Mustang: A film that reflects the hypocrises women & girls face daily
by Alex Thomas
Mustang is the story of five orphaned sisters growing up in a remote part of Turkey, who, despite their innocence and protestations, are imprisoned by their family following an innocent game with some local boys: a game which is woefully misinterpreted as signifying their sexual promiscuity by the wider community. The film follows the sisters as they find their lives being gradually and increasingly restricted, leading to a number of desperate bids for freedom – in particular by the youngest sister and protagonist, Lale.
In preparation for this review, I decided to look at what other critics of the film had written, and was surprised to read that Mustang has been described as a film about “female empowerment”. Personally, I couldn’t see how these two words could be associated with the message of this film in the slightest: for me and my viewing partner, it was a depiction of desperation, of such totalitarian and oppressive patriarchy that the girls central to the story had to either submit completely, fight or flee for their lives.
Although yes, [SPOILER ALERT] two of the five sisters manage to escape their family’s entrapments, such is the horror of what they have experienced that their final bid for freedom feels like anything but an act of empowerment or a moment of triumph over their oppressors. One feels acutely that somehow, they got lucky – extremely lucky. Other critics have seen fit to describe the film as sweet and comedic: again, yes, whilst there were sweet and comedic moments in the film, to highlight those over the overwhelmingly distressing tone of the movie is to gloss over and dismiss its central message.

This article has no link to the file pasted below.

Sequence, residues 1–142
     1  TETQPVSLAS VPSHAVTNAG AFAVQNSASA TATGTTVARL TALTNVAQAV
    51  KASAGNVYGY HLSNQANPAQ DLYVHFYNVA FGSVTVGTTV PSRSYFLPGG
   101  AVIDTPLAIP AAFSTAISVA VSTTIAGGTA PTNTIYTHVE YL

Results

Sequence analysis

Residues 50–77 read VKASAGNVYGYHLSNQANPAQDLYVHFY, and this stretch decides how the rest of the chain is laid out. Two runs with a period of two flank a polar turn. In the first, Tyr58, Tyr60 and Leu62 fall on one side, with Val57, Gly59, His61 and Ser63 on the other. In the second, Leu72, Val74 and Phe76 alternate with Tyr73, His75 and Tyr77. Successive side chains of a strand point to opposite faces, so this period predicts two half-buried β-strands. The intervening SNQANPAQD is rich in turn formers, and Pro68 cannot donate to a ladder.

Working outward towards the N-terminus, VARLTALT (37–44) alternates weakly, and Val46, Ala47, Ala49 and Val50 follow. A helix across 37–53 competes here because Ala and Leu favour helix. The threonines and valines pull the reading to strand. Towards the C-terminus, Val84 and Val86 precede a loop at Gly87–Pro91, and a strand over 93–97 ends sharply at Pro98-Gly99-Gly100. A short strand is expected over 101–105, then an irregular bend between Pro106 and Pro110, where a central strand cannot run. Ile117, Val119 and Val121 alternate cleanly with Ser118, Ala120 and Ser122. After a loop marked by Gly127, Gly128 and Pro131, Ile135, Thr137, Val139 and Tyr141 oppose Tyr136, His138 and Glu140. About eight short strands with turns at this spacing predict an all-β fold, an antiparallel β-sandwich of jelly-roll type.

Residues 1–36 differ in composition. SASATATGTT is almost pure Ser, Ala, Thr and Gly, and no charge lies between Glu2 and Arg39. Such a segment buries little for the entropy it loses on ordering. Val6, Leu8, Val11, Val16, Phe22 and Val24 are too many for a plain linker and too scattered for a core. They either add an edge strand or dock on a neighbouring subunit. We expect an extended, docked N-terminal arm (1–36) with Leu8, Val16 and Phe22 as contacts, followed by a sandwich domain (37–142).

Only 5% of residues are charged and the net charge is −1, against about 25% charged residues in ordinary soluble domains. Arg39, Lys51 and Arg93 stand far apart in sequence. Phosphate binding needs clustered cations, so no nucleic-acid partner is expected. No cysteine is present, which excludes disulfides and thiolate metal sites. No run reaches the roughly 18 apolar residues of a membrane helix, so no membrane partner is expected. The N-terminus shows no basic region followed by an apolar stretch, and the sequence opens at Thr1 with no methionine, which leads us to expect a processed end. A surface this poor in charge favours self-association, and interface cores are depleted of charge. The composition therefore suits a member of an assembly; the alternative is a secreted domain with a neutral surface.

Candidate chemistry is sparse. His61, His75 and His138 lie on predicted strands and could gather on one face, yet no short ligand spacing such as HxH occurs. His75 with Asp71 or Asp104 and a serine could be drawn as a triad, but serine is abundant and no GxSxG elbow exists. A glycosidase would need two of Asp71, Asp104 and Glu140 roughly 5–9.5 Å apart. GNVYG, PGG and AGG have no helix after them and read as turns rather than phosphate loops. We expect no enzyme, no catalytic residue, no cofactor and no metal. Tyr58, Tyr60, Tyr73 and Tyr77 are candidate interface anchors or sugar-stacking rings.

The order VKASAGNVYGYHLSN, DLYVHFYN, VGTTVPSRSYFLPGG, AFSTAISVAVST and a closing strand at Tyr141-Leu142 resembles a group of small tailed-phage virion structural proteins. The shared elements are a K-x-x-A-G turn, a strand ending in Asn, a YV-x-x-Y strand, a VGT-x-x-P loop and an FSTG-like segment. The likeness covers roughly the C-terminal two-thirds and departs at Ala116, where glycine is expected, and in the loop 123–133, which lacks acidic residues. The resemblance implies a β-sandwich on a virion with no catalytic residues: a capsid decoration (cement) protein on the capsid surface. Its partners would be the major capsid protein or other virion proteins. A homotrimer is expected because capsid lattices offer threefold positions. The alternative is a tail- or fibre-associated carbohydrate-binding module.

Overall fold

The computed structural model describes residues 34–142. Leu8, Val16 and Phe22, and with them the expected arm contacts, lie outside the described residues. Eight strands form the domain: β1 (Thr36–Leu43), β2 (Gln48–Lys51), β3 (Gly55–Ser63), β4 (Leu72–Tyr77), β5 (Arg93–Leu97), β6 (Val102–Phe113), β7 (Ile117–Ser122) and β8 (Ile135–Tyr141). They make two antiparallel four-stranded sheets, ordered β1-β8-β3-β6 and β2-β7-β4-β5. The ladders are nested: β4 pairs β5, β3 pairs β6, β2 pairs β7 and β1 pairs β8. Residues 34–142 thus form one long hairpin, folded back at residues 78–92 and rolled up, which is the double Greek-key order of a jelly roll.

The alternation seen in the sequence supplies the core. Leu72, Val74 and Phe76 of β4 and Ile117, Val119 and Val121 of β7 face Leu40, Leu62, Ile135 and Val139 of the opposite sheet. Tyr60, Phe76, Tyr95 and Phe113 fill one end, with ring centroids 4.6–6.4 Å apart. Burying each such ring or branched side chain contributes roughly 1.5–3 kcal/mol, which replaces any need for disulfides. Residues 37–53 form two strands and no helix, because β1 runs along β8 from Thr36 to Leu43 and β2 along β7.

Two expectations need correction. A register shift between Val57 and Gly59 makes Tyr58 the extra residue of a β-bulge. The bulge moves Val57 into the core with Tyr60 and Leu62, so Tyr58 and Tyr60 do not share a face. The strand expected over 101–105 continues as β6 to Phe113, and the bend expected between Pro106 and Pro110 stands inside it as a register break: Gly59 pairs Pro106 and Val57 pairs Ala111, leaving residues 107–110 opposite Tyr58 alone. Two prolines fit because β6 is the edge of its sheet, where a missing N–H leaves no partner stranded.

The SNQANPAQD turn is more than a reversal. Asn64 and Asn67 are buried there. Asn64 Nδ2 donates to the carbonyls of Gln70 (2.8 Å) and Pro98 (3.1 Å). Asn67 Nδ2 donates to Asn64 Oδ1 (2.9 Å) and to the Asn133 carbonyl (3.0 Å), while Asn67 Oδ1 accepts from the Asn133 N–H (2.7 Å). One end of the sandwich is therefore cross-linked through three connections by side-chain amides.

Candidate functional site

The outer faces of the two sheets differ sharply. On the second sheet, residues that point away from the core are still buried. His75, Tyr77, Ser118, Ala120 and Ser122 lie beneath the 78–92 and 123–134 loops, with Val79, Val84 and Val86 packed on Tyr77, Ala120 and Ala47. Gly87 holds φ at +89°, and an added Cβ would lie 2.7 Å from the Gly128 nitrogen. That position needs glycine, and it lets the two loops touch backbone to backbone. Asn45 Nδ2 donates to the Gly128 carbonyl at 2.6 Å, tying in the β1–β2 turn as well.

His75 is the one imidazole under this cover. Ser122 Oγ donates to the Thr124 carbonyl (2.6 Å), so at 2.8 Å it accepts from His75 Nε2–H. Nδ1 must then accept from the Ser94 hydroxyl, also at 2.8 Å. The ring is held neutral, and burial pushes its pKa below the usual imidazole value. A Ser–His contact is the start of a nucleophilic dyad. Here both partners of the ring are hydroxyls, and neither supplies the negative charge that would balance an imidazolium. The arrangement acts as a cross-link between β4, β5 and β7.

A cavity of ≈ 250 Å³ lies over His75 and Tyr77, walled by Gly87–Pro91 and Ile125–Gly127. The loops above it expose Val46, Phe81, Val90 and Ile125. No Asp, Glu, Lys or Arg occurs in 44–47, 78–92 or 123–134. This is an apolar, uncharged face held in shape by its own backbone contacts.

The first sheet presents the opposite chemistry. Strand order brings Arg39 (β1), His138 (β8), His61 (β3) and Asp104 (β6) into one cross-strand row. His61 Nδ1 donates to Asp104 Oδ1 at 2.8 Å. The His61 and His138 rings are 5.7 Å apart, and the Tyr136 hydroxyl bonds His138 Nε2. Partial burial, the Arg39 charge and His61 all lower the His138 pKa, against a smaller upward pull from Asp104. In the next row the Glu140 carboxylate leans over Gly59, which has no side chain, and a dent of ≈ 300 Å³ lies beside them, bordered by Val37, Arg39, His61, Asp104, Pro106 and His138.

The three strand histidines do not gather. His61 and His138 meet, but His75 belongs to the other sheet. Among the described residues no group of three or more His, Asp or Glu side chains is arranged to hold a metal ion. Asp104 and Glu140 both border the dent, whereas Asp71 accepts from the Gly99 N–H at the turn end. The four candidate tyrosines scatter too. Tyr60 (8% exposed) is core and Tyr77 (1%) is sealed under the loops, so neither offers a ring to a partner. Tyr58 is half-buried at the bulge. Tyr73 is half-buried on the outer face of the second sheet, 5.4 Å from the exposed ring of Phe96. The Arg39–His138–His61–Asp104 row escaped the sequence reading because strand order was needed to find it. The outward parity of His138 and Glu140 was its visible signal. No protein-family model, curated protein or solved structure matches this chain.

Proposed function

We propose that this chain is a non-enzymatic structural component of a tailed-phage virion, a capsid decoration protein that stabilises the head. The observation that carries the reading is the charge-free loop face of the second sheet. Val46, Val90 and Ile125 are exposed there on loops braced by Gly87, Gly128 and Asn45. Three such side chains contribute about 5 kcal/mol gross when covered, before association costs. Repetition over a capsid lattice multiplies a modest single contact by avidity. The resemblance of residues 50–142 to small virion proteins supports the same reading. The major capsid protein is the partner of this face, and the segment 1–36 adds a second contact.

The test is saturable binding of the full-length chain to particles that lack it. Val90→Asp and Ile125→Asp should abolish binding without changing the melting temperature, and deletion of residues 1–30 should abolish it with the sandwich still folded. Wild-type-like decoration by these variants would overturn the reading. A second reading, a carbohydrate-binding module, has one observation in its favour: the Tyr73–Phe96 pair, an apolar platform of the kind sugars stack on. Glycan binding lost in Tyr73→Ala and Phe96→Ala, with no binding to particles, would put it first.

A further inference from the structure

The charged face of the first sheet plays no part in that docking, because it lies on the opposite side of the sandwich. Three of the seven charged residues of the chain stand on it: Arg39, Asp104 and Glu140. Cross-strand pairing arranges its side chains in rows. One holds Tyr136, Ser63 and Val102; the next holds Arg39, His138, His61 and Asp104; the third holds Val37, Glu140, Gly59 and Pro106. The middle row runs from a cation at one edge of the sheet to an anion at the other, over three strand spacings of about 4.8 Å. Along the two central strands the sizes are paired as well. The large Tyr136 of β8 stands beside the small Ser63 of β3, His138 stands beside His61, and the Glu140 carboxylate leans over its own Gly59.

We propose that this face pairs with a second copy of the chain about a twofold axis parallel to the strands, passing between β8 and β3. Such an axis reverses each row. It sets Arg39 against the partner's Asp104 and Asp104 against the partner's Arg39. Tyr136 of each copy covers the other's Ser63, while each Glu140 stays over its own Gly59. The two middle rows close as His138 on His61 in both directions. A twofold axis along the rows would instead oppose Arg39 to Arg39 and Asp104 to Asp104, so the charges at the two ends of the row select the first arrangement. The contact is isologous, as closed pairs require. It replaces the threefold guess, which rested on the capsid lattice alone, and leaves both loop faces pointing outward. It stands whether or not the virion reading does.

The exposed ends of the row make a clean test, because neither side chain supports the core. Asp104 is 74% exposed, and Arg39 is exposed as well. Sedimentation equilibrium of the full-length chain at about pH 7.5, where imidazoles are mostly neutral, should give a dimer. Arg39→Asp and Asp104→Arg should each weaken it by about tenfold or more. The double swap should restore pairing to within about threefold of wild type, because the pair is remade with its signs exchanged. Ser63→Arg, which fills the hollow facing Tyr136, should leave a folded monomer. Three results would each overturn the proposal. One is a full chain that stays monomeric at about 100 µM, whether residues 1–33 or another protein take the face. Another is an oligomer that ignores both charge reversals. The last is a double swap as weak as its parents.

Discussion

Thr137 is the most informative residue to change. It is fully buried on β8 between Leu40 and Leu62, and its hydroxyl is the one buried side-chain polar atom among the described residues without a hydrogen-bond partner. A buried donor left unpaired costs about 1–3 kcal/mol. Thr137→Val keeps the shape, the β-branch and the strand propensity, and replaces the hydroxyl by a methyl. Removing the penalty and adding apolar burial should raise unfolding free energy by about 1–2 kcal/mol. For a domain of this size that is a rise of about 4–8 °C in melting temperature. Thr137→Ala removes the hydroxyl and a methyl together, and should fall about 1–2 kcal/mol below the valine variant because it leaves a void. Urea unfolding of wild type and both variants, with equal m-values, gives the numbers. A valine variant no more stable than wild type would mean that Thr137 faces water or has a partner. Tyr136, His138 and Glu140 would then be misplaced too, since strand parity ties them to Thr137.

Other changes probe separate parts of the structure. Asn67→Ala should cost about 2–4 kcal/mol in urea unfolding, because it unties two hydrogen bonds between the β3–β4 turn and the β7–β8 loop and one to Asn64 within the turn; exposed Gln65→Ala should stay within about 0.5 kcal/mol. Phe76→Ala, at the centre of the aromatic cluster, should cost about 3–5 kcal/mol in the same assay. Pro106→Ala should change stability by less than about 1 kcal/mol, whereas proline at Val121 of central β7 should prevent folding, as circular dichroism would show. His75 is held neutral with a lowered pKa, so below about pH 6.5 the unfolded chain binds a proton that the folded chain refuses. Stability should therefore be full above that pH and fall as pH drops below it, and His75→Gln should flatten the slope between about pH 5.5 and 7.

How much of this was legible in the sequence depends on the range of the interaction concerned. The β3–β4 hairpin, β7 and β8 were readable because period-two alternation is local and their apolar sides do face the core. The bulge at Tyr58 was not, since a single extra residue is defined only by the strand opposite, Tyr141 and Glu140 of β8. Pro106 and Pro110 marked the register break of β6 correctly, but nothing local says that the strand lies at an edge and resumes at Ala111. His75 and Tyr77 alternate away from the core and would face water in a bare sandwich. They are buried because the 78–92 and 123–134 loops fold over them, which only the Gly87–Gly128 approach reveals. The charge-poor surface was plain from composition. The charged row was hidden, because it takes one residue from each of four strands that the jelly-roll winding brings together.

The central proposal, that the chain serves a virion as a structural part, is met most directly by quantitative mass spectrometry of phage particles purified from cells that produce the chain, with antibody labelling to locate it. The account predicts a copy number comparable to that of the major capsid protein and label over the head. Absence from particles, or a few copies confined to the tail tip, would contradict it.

“The expectation to marry a man chosen for them, to remain a virgin, to be good, dutiful wives and mothers…all serve to trap and narrow the worlds women are told they must live in.”
The fact that the reviews I encountered failed to relay the serious and gutting core of this film, highlights a wider ignorance and the evident socio-political gulfs that can exist between a film critic and the subject matter at hand. Whilst Mustang is a fictional film, it depicts in a very realistic way, what is an everyday reality for millions of women worldwide. Whilst most women and girls (I hope) are not imprisoned to the extent the characters in Mustang are, it is a fact that women and girls are to a huge and often unseen extent, imprisoned by the expectations and pressures placed upon them. The expectation to marry a man chosen for them, to remain a virgin, to be good, dutiful wives and mothers only, and to groom other young women in order to repeat this vicious cycle, all serve to trap and narrow the worlds they are told they must live in – a world whose double standards mean no such harsh rules exist for their male counterparts, or if they do, yield less cataclysmic results if and when broken.
The director, Deniz Gamze Ergüven, courageously and admirably has drawn from many of her own experiences in making this film, and the female friend I was honoured enough to watch it with related most painfully with many of the scenes.
But I fear that for many of my fellow audience members, seated as they were in the comfortable surroundings of a cinema hall, Mustang was nothing more than just another movie with fine performances, fine cinematography, ‘sweet moments’, character arcs and scattered light moments. For most of them, this wasn’t a depiction of real life – or a searing and damning statement on the double standards that rule all our societies: a sad fact that was all too evident from the laughter of some audience members at those moments which my viewing partner found highly distressing. Perhaps it was nervous laughter, perhaps it was ignorance. Whatever the cause, they most certainly weren’t laughing by the end of the movie…
I hope Mustang will come to be recognised for what it is: an educational tool that will make people think beyond the cosy confines of their cinema seat. I hope too that audiences will realise what they see before them is more than just another film: it is a mirror that reflects what is, for far too many women and girls around the world, the realities of life.
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